Lake Hiawatha, the dumping ground



Why won’t the city of Minneapolis and the Minneapolis Park and Recreation Board care for their own residents? Since the 1940s, people in the southeastern portion of South Minneapolis have suffered from storm water problems, and the city of Minneapolis and the Park Board have failed to implement comprehensive solutions.
In the 1940s, Harold Burnside, who lived by Sibley Park, petitioned the city to implement a realistic solution to the storm water problems. By 1979, the city of Minneapolis had developed a plan to build a storm water tunnel underneath East 39th Street to the Mississippi River to relieve South Minneapolis neighborhoods of the water. But the city abandoned the 39th Street plan, saying that it cost too much money. Instead, they just continued to send water to Lake Hiawatha.
In 1987, Harold Burnside drowned in his home when the basement wall of his home collapsed on him due to excessive flooding in his neighborhood. What did the city do? They just bought out homes by Sibley Park and on Bloomington Avenue.
When the sanitary sewage plant in St. Paul told the city of Minneapolis that they had to separate storm water from sewage because the plant was getting too much water from Minneapolis, the city did just that. The city directed the storm water into the storm sewer system, thus sending more water to Lake Hiawatha. And, in 2012, the city upgraded the storm sewers to the west of Lake Hiawatha which resulted in dumping over 60 million gallons of water into the Hiawatha Golf Course every year. This water now amounts to about 25% of the water being pumped out of the golf course.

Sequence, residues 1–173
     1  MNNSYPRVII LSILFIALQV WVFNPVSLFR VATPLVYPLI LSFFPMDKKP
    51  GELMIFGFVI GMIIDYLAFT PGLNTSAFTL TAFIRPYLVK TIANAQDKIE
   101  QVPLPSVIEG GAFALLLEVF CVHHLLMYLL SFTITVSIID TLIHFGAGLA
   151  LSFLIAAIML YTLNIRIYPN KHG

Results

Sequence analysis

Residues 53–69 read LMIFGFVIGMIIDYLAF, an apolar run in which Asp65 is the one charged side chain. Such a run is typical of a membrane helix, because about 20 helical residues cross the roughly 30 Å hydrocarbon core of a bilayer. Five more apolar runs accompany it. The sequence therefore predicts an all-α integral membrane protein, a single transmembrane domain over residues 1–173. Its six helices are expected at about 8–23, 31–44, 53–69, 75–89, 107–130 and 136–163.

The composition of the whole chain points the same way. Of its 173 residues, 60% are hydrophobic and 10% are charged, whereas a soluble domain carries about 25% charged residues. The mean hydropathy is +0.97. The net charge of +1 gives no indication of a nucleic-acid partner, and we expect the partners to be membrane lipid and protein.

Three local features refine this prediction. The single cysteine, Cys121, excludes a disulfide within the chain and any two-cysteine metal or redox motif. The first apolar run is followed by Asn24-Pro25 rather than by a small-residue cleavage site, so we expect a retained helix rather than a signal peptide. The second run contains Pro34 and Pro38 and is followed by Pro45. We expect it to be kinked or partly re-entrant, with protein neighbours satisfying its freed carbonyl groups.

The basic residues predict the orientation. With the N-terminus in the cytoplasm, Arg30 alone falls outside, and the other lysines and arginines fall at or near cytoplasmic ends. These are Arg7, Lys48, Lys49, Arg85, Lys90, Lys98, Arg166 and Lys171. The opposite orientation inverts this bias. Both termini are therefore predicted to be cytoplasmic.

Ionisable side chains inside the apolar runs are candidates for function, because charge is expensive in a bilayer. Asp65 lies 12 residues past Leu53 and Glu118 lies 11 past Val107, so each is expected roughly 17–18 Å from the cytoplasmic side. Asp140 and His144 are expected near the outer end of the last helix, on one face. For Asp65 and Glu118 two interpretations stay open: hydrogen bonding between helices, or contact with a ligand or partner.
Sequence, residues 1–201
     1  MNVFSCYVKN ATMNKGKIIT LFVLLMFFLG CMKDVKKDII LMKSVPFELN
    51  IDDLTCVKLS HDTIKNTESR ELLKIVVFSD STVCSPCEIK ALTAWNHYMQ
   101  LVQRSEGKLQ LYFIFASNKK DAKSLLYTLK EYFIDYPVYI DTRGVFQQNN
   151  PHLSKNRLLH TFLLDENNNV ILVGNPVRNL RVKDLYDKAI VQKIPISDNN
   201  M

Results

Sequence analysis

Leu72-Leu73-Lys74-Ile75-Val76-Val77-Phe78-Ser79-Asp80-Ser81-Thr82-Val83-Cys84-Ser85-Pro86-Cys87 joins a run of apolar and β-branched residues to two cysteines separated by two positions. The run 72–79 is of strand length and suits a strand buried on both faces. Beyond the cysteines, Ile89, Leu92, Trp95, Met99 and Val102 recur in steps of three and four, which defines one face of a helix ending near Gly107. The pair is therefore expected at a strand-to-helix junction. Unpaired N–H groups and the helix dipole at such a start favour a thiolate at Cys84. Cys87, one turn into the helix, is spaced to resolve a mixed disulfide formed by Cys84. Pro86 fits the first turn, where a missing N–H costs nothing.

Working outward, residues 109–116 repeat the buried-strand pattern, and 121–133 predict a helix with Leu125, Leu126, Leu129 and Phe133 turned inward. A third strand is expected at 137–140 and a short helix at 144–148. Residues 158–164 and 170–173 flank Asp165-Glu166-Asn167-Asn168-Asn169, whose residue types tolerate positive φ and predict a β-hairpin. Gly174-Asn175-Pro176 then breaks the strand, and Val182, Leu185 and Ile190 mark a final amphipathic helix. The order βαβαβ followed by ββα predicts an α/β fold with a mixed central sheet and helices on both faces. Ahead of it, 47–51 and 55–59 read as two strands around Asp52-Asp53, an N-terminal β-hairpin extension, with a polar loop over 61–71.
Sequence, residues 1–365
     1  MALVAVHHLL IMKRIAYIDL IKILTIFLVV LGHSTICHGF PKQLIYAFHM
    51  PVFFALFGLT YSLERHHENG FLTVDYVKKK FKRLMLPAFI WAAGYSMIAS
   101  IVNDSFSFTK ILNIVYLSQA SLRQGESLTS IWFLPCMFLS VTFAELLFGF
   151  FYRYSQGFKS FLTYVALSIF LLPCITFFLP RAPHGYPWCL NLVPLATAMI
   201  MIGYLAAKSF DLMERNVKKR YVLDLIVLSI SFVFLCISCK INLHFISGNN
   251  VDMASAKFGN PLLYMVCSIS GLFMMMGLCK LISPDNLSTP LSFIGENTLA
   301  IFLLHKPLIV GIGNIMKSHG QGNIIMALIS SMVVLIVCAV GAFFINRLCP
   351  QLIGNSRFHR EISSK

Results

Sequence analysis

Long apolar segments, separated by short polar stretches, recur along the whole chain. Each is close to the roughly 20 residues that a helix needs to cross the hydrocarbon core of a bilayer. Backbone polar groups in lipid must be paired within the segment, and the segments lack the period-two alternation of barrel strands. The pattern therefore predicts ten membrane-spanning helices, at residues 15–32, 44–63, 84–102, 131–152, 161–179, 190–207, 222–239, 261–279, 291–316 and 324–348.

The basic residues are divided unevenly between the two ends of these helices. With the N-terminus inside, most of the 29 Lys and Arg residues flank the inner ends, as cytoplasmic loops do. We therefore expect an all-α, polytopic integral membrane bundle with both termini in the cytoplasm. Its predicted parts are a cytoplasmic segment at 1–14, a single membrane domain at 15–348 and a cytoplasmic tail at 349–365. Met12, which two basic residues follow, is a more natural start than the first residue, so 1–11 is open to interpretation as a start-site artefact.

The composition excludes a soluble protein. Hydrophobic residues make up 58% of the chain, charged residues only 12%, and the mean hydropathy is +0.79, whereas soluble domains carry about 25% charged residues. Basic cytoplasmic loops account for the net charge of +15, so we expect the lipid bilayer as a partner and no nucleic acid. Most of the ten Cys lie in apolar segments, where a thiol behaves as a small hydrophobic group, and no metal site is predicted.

Now, the Park Board wants to implement “watershed credits” which would allow developers to pay the Park Board to dump their water into Hiawatha Park rather than making them fulfill their legal requirement of mitigating the water on their own property.
Some people say that the golf course and some of the low-lying homes around Lake Hiawatha need to go – that they should have never been built there in the first place. Well, there are hundreds of homes that could qualify, from Lake Hiawatha to Powderhorn Lake. Should they all go? Or maybe the city of Minneapolis should finally implement real solutions to the storm water problems in these neighborhoods instead of using Lake Hiawatha as a dumping ground.
Seventy years after Harold Burnside asked for solutions, the city has not solved the problem. New storm water infrastructure has recently been built under I-35W, and the city is expanding the Franklin Avenue storm water tunnel. It is time for the city to build the 39th Street tunnel for Harold Burnside and the Hiawatha-Nokomis neighborhoods before more people and homes are destroyed.

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